April 13, 2023, Israel
I saw a great quote, "My life feels like a test I didn't study for". Perhaps this was meant to be funny, but I feel, it is actually brilliant. This takes me back to an old lesson from one of most memorable Economic professors when I was a gragduate student in New York; Professor Vora.
Professor Vora was tough, but the lessons he taught me are still relevant today, while most of what I learned in other classes is long since forgotten. Vora warned us in advance, this course was not for the weak of minds, or the meek. We were expected to read a great deal of material, and we were expected to undersand it. His lectures would not be an explanation of the material in the book. If we were incapable of reading a book and understanding it, we should not be in his class. The exams would not be the simple questions one could anticipate, they would not be the type of questions one could look at and say, OK, I know that one. No sir.
Prof. Vora explained that the questions would be new material based on an understanding of the written word (the books) and the spoken word (his lectures). They would not be question such as one could anticipate. i.e. These would be questions one could not prepare for. All one could do was raise their level of the understanding of the forces of economics. There would be no questions that would only require remembering the material from the book or the lectures. Each question would present a new and previously unforeseen situation. If you prepared well, you had a chance.
In a nutshell, this is life, and this is Krav Maga. You cannot be prepared, so yes, often it will feel like a test you did not study for. Part of the role of parents is to prepare you for life. I recall my mother's mantra, Life is full of disapoint, and so it is. We cannot anticipate every problem we will face in life. We cannot have ready answers for the challenges which may emerge, but we can try and prepare ourselves as people, so that we can deal with the unexpected, with those moments that indeed it feels like we are facing an exam we did not study for. Such is life.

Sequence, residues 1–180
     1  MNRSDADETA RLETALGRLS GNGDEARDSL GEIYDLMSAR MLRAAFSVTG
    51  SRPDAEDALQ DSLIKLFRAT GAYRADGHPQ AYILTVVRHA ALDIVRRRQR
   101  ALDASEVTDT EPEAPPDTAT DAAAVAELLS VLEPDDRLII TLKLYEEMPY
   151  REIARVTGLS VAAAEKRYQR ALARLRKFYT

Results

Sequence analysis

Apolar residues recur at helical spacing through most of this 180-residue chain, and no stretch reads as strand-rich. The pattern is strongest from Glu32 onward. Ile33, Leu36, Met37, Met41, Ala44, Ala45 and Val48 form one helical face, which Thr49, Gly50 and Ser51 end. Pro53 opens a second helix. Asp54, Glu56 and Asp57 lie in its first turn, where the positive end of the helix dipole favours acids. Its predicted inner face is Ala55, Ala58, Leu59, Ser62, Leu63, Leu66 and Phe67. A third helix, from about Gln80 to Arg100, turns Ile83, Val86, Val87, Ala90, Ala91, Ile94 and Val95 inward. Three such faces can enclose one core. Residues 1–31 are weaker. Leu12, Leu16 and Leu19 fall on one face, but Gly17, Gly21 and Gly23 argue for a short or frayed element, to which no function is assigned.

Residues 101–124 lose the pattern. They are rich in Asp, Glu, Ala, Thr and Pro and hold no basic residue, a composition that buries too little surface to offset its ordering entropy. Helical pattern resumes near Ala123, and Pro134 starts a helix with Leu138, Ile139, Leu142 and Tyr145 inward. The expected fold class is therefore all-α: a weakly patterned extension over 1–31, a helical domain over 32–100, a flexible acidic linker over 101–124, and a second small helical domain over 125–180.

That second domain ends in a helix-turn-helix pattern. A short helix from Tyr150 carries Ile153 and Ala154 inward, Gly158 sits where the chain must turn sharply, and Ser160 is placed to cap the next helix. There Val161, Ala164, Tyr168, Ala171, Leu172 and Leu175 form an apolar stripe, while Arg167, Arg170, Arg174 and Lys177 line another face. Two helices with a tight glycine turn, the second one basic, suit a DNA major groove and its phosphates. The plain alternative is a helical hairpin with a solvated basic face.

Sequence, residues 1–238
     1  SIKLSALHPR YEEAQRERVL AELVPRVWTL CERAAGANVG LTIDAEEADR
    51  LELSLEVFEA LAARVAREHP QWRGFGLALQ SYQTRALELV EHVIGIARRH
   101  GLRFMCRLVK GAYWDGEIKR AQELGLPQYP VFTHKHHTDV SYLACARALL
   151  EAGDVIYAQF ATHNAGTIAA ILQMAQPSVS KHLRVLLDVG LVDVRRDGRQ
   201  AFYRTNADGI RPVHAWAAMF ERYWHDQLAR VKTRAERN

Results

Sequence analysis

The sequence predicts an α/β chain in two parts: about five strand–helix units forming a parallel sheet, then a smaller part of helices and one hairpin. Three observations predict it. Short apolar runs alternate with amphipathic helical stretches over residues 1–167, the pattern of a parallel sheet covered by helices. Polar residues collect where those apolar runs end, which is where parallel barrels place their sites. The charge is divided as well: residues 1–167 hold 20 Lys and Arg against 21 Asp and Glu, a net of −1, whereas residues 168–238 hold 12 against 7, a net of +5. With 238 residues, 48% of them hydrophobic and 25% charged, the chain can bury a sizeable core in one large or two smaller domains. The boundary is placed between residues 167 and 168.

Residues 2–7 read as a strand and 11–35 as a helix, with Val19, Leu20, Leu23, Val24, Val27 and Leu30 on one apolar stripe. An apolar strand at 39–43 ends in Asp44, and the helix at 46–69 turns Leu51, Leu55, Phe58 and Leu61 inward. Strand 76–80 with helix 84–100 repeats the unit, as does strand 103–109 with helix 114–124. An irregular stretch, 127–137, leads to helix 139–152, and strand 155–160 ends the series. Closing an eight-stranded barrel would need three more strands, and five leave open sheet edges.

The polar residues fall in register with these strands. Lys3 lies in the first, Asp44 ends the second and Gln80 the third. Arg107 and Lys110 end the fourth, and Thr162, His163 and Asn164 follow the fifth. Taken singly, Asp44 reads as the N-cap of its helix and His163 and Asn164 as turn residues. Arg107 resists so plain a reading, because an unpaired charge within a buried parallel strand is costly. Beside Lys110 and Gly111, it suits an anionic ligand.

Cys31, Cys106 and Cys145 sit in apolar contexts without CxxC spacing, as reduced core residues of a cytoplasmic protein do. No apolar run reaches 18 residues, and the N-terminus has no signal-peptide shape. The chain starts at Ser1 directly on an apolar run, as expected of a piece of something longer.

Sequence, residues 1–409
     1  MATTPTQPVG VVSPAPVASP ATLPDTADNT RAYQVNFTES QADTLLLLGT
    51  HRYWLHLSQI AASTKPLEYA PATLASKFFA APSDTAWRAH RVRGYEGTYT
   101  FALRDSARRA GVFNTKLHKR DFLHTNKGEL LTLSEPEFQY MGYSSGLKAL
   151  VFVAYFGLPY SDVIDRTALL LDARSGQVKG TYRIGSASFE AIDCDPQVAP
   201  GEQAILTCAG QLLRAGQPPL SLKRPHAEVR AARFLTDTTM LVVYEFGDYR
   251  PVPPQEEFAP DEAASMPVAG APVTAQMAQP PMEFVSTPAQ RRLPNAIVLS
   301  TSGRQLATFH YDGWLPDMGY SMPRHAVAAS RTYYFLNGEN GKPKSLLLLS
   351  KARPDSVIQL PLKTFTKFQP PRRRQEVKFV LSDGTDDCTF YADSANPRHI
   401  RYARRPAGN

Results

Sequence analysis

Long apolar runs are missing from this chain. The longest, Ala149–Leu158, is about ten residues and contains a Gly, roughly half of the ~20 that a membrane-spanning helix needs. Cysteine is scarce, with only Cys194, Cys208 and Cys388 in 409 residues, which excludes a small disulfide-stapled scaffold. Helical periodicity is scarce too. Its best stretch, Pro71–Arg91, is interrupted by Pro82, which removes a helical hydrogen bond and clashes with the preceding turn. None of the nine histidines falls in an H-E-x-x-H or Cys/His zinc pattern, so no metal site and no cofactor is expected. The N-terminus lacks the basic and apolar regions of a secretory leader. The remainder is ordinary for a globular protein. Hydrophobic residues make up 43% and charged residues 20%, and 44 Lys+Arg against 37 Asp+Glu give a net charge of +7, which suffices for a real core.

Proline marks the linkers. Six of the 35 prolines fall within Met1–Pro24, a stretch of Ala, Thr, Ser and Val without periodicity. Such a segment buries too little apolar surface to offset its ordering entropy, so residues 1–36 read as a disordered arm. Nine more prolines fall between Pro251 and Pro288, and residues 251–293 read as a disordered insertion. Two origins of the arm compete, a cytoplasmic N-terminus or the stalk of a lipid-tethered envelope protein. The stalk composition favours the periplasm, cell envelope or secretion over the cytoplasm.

In martial arts schools we often see self-defense drills designed to deal with very specific attacks. While these attacks do take place my experience, garnered from studying countless real cases and from the experiences of my students in 40 countries worldwide, is that rarely do attacks, or defenses, follow exactly the way we trained for them, much like Prof. Vora's exams.
This is how we prepare at IKI Krav Maga. We prepare for the unknown, knowing that we will have to think on our feet, improvise, adapt, and fight back. Life in fact is a test that we can only partially prepare for, for it is filled with the unknown. We need to train ourselves, arm ourselves with knowledge and experience, and then hope that when the test comes, we have the tools to survive.
Moshe Katz, 7th dan Black Belt, Israeli Krav Maga. Certified by Wingate Institute. Member Black Belt hall of fame, USA and Europe.
What is the cultural background of Krav Maga? What makes it unique? What makes the Israeli military so effective? Why are Israeli security systems used all over the world?
What are the Biblical origins of Krav Maga and who was the first Krav Maga instructor?
What weapons and military strategies did our Biblical ancestors use?
How has Krav Maga developed in Israel and what are its goals?
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